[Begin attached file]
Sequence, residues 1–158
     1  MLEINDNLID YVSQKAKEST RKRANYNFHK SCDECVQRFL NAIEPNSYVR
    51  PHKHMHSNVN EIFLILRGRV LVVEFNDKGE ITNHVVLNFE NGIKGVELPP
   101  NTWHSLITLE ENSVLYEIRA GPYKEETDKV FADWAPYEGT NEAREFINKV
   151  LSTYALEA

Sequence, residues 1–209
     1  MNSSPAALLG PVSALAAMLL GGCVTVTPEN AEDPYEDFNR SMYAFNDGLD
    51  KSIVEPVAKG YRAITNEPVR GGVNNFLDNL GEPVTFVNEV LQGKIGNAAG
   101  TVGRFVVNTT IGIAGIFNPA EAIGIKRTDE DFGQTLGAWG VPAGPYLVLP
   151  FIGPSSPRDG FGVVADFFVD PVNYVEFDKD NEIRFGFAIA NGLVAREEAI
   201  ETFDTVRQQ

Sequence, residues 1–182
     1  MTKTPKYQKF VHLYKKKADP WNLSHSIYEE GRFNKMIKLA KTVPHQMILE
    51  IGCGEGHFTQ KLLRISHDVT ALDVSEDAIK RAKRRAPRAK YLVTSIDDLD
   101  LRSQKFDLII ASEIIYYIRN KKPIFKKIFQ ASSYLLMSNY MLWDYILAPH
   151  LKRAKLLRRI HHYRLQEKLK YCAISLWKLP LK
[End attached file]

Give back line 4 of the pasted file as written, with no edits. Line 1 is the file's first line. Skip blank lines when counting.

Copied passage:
   101  NTWHSLITLE ENSVLYEIRA GPYKEETDKV FADWAPYEGT NEAREFINKV